Elon University is currently launching the Writing Excellence Initiative, a project aimed to make writing a key component of every student’s Elon education.

The Elon community started developing the project in 2010 to build on the school’s mission of “integrating learning across the disciplines, putting knowledge into practice, and preparing students to be global citizens and informed leaders motivated by concern for the common good.”

The Writing Excellence Initiative is a part of Elon’s overarching Quality Enhancement Plan (QEP), as a required part of Elon’s reaccreditation process.

The goal of the initiative is to prepare every Elon student to be an outstanding writer, regardless of his or her major.

In creating “engaged minds, inspiring leaders, and global citizens,” the initiative is focusing on developing students’ abilities to write in three ways: writing to learn, writing in a discipline, and writing as a citizen.

Writing to learn will focus on analyzing and problem solving, while writing in a discipline will be geared toward a student's individual major. Writing as a citizen will prepare every graduate to communicate effectively with others.

The university will jump-start the initiative in every aspect of Elon’s community.

Academic departments will “enhance the writing instruction and support they provide for their majors,” according to the Writing Excellence Initiative. Courses will be refined to build student abilities and outcomes. This may mean that courses offer an essay exam instead of a multiple-choice test.

The General Studies Program at Elon University (GST courses) is redesigned to focus heavily on writing, as well. The Global Experience, a first-year required course, will have smaller class sizes over the next five years to provide more writing instruction individually.

The Division of Student Life is now providing guidance and feedback to student employees who are writing as part of their on-campus jobs.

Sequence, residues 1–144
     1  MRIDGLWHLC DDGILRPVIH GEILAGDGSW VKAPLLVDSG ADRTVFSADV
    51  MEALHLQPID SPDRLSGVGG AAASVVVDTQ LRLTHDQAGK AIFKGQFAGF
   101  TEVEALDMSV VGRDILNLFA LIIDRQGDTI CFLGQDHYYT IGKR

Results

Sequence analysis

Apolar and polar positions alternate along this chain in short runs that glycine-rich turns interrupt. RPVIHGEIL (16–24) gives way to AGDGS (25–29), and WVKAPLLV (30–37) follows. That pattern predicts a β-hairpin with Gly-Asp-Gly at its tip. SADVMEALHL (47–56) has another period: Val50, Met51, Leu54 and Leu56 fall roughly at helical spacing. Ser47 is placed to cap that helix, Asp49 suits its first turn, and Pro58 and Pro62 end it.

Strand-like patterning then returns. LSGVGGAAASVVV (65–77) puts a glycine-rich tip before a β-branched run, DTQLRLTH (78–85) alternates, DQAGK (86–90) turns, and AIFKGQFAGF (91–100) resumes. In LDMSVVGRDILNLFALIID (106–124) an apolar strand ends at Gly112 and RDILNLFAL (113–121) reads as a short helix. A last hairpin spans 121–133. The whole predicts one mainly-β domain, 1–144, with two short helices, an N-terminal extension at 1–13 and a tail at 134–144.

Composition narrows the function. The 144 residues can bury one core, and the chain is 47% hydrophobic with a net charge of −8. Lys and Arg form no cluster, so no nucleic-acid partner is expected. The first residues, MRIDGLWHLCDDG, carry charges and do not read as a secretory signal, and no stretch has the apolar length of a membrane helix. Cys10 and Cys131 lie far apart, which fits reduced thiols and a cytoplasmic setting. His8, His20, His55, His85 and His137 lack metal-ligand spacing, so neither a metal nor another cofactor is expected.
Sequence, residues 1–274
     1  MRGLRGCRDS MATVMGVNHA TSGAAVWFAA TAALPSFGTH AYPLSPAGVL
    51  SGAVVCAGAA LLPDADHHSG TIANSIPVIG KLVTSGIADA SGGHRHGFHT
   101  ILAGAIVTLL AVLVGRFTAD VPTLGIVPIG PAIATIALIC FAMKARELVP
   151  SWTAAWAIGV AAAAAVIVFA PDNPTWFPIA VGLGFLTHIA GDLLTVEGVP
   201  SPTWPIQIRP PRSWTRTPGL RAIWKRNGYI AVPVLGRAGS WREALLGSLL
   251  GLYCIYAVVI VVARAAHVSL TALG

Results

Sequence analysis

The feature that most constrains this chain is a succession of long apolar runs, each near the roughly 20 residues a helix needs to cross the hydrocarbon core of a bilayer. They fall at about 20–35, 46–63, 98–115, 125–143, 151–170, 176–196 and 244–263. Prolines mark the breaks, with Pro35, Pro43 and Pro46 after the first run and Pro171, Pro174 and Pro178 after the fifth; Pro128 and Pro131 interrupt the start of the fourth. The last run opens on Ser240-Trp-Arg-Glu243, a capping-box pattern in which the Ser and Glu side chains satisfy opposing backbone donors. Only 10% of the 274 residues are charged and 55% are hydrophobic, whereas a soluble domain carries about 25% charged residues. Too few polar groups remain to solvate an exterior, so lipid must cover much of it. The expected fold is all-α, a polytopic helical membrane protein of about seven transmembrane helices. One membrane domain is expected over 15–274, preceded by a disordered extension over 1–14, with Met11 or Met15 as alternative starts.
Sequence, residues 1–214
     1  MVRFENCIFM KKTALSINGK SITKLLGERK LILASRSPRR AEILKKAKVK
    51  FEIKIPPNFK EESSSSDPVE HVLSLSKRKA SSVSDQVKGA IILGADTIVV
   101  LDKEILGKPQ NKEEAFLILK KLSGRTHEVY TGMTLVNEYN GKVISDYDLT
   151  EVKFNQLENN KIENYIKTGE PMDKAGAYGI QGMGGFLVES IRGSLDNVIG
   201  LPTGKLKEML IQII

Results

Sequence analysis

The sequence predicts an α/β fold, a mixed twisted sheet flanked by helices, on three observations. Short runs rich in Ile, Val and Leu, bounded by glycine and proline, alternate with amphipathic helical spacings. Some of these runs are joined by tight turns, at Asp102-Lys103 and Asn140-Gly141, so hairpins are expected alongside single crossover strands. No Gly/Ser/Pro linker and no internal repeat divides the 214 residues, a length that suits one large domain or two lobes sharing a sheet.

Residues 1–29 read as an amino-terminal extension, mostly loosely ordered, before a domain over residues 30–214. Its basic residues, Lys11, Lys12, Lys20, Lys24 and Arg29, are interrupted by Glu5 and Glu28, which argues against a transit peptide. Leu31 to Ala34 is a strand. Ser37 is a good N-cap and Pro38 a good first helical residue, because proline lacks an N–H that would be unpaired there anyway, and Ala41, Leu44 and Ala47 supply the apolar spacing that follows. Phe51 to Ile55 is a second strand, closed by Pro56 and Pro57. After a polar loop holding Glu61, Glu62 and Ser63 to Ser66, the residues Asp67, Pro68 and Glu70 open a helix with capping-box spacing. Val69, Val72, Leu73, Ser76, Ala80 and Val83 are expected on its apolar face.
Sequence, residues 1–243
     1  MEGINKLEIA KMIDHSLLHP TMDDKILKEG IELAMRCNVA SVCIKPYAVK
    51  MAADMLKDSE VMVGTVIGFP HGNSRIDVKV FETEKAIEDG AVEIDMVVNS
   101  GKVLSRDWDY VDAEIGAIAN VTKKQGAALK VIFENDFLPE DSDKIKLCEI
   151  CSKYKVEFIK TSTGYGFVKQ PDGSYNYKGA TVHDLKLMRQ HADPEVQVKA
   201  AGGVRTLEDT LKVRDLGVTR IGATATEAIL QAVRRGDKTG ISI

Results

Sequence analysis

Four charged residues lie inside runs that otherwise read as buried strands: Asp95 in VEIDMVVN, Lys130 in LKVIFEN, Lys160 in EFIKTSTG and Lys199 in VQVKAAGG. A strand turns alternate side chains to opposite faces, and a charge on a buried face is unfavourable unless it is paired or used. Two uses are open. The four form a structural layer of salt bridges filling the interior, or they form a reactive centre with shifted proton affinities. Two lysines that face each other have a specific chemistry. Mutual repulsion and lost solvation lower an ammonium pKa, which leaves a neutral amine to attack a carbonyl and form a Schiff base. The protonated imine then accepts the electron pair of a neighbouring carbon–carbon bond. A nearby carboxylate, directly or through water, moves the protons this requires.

The Center for Writing Excellence will be created to manage success of the initiative and integrate the student Writing Center and the Writing Across the University Program to serve as the focal point for the initiative.

The new center will focus on support of graduate programs, job applications, and even blog posts to enhance student writing.

This initiative is unfolding progressively over the next five years, with each department or course adapting one step at a time. Each idea will be implemented by a small group for testing before full implementation into a department.

Paula Patch, English lecturer and college writing program coordinator, previously told The Pendulum that having strong writing skills will also be important for students in their endeavors after graduation.

First-year communications student Sydney Plovsky said writing is already a heavy component of her Elon education.

“Class assignments are constantly focused on strong writing skills,” Plovsky said. “Whether it’s a communications or science course, I am always writing at least a few papers for each class.”

As students began to consistently use writing skills in classes and beyond, Patch expects quick results.

“We hope that students will use writing to somehow make an impact on the world,” Patch said. “Because a student is able to write well, their statements will have a widespread impact.”